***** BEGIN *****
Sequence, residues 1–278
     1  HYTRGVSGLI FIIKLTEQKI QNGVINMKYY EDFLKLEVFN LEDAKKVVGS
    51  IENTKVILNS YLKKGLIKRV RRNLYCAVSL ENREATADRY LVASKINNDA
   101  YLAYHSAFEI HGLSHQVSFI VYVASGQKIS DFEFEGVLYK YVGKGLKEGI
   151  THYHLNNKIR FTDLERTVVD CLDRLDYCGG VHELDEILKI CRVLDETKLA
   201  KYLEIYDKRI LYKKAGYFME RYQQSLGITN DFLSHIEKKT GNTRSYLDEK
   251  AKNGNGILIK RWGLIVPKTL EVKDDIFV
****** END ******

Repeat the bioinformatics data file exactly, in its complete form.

Sequence, residues 1–278
     1  HYTRGVSGLI FIIKLTEQKI QNGVINMKYY EDFLKLEVFN LEDAKKVVGS
    51  IENTKVILNS YLKKGLIKRV RRNLYCAVSL ENREATADRY LVASKINNDA
   101  YLAYHSAFEI HGLSHQVSFI VYVASGQKIS DFEFEGVLYK YVGKGLKEGI
   151  THYHLNNKIR FTDLERTVVD CLDRLDYCGG VHELDEILKI CRVLDETKLA
   201  KYLEIYDKRI LYKKAGYFME RYQQSLGITN DFLSHIEKKT GNTRSYLDEK
   251  AKNGNGILIK RWGLIVPKTL EVKDDIFV